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Aljamain Sterling reflects on UFC 273 win: 'I want to write my name in UFC history'

After a 13-month absence from the sport, the 32-year-old made a triumphant return against rival Petr Yan in their bantamweight unification title fight.

At UFC 273, Aljamain Sterling crowned himself the undisputed UFC bantamweight champion. And he did it his way, capitalizing on a superior grappling arsenal to overcome fierce rival Petr Yan.

"This time, I did it the way I always wanted," said Sterling. "I've felt like a champion for a long time, but this put a stamp on it."

Returning after a 13-month absence from the sport, Sterling (21-3 MMA, 13-3 UFC) defeated Yan by split decision in their bantamweight unification title fight. Conquering an opponent as talented as Yan (16-3 MMA, 8-2 UFC) was particularly meaningful, especially considering that it was Yan who knocked Sterling out in their last fight with an intentional illegal knee to the head.

A whole host of significant problems ensued for the 32-year-old Sterling, who was forced to contemplate retirement after surgery to repair nerve damage in his neck that had accumulated over the course of his career.

"At the end of the day, I'm just really happy," Sterling said, shedding tears of joy as he spoke. "There were times when it was very disheartening. I felt like sh-t. There wasn't any improvement or recovery. But I trusted my doctors and put the brakes on my training. I did the physical therapy. Thankfully, the nerves started to reconnect, and I finally started to have some gains."

After Sterling won the bantamweight title by disqualification in March 2021, unfinished business remained with Yan. Their issues hit a climax in the 273 co-main event, where Sterling wore down Yan over the course of the fight with relentless wrestling. Even when Yan was able to land shots, Sterling stayed disciplined and never deviated from his plan of attack.

"I knew I needed to make this a grappling fight and keep him guessing," Sterling said. "If I stopped shooting, it would have been an open season for him to turn this into a striking match and stand up and trade. I could have done that, but I didn't want to let him fight where he was strongest. I wanted to keep him guessing. That was the key to victory."

This fight will forever be defined by Sterling's dominance in the second and third rounds. Sterling took the fight to the mat and controlled Yan's back, putting the MMA star from Russia in as vulnerable a position as he has ever encountered in his career.

More than seven minutes of ground control in those two rounds gave Sterling a decisive advantage, allowing him to ultimately score the split decision victory despite a very strong fourth and fifth from Yan.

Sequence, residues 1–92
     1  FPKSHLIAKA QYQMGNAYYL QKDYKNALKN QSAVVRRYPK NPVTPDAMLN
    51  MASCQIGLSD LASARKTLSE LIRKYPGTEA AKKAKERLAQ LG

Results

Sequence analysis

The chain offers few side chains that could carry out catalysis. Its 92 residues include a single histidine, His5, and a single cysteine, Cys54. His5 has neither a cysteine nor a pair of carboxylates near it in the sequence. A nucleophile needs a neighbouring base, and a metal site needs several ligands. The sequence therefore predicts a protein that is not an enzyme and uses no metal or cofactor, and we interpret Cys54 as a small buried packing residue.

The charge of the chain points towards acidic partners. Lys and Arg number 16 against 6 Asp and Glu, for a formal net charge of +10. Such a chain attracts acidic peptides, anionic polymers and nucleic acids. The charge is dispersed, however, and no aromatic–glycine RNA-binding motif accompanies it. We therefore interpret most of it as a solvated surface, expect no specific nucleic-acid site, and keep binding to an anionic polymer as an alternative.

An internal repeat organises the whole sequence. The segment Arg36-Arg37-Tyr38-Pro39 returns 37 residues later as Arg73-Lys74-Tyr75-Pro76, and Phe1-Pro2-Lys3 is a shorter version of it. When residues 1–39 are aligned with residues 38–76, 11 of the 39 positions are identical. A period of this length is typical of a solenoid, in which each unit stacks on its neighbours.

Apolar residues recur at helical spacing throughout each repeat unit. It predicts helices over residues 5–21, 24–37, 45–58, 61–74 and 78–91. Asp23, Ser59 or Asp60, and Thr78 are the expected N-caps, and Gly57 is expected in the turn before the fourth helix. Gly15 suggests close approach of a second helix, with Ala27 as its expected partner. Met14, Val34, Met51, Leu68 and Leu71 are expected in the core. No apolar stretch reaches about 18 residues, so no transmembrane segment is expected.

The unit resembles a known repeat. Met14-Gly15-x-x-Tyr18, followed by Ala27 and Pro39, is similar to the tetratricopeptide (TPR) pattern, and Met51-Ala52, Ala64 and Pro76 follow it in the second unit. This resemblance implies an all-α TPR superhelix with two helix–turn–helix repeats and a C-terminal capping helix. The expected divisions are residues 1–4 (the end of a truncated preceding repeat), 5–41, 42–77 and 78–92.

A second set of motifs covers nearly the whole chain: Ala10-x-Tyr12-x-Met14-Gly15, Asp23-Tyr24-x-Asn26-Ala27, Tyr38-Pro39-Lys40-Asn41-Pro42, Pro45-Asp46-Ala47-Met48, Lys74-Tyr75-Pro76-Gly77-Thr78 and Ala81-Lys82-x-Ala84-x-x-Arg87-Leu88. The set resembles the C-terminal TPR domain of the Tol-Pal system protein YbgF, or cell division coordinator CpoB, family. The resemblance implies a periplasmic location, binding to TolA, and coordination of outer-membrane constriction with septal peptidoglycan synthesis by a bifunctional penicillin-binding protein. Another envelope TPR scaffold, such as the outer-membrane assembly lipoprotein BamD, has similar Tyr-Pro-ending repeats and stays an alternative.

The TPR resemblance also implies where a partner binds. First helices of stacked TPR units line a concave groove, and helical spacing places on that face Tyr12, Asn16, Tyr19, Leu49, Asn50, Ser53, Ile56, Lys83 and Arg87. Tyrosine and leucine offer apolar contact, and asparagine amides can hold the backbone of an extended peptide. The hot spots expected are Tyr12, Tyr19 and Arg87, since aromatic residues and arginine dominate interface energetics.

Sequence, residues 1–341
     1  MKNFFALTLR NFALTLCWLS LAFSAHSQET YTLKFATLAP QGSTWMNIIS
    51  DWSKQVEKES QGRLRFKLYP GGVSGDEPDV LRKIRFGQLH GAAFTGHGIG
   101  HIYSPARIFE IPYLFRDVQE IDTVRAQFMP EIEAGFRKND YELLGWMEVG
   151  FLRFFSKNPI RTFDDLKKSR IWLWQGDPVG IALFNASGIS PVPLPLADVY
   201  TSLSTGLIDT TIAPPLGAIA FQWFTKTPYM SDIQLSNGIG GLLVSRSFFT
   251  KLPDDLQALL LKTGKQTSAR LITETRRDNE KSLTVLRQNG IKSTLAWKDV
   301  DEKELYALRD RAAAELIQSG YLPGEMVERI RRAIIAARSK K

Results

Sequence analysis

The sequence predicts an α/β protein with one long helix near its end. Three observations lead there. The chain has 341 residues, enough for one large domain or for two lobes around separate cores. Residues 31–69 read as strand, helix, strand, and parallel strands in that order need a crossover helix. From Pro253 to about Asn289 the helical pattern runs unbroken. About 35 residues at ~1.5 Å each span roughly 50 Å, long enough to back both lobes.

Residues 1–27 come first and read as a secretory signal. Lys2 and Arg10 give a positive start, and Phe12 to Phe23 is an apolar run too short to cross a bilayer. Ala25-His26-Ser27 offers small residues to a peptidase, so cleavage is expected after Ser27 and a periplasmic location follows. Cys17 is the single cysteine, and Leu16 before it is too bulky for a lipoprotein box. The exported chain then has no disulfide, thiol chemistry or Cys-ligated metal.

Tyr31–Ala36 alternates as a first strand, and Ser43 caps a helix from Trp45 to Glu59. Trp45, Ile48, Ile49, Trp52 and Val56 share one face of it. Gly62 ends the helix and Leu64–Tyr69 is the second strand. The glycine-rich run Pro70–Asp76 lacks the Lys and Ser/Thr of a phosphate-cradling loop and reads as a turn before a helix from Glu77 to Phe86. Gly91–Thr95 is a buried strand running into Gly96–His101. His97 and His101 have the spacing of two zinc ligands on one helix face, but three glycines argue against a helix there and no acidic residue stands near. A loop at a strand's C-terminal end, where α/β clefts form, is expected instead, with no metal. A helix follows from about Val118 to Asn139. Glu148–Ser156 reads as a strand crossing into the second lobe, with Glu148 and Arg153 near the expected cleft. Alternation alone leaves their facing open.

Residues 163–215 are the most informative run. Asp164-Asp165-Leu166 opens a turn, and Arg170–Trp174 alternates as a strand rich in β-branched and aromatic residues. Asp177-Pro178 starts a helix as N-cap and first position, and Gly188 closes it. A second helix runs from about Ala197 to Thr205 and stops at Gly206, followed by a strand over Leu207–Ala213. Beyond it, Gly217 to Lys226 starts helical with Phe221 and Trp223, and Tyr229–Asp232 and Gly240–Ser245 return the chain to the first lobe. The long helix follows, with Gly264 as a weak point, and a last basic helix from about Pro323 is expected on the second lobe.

"One round at a time, that's what I kept telling myself," Sterling said. "When I got through the third round, I got a little ahead of myself and saw the finish line before I should have. I felt so safe on the ground defensively that I let him back into the fight, but I was able to persevere through the fourth and fifth."

Naturally, when it comes to Sterling and Yan, there was still a modicum of controversy involved in the decision. Speaking through a translator in his post-fight interview, Yan expressed frustration over the judges' scoring, feeling robbed and wanting a rematch.

After five grueling rounds, the decision went to the judges' scorecards. Sterling was flooded with a wide range of emotions as soon as he heard ring announcer Bruce Buffer declare that one of the judges awarded the fight to Yan.

"I thought I was cruising to a decision," said Sterling. "To hear he won a scorecard, that was baffling. I thought I had a 10-8 round in the second and possibly the third. I couldn't see how this man won this fight on any scorecard.

"It is what is what is, but I just wish we could get some clarity from the judges so we, as athletes, would know what we need to do better. That would allow us to adjust during the fight. But Yan's a tough competitor and former champion for a reason. I'm glad I was able to get it done in those first three rounds."

Carried to victory by a fighting spirit that was developed back home in Long Island, Sterling was honored to win the fight in front of his mother. This was her first time watching her son in the UFC, and she picked a perfect night to attend.

"She actually called me Thursday night right before I was about to start my weight cut to say she wanted to come," Sterling said. "It was out of the blue, but we got her here, and I'm grateful she was able to experience everything. It meant a lot that she could see it.

"We're blue collar, we find a way to preserve. My path hasn't been easy, but that's Strong Island-Long Island. And I'm so proud to do it through wrestling. I've been wrestling since the 10th grade. It teaches you about adversity and a lot about life, how to adjust perspective and grinding it out. Even last time when it wasn't going well against Yan, I was ready to go out on my shield. Wrestling is all about never giving up and succeeding through the work you put in behind the scenes, and that's what happened here."

After solving Yan and putting their rivalry in the rear view, Sterling can now celebrate his lifetime pursuit of excellence. But only briefly, as he knows that new challenges await, beginning with former champion T.J. Dillashaw.

"It's been a long road and a long, long 13 months," Sterling said. "I'm blessed to be back here doing what I love and chasing my dream.

"Next is T.J., then maybe Jose Aldo and Dominick Cruz. It's time to keep climbing. I want to write my name in UFC history."

This story first published at SI.com/MMA.

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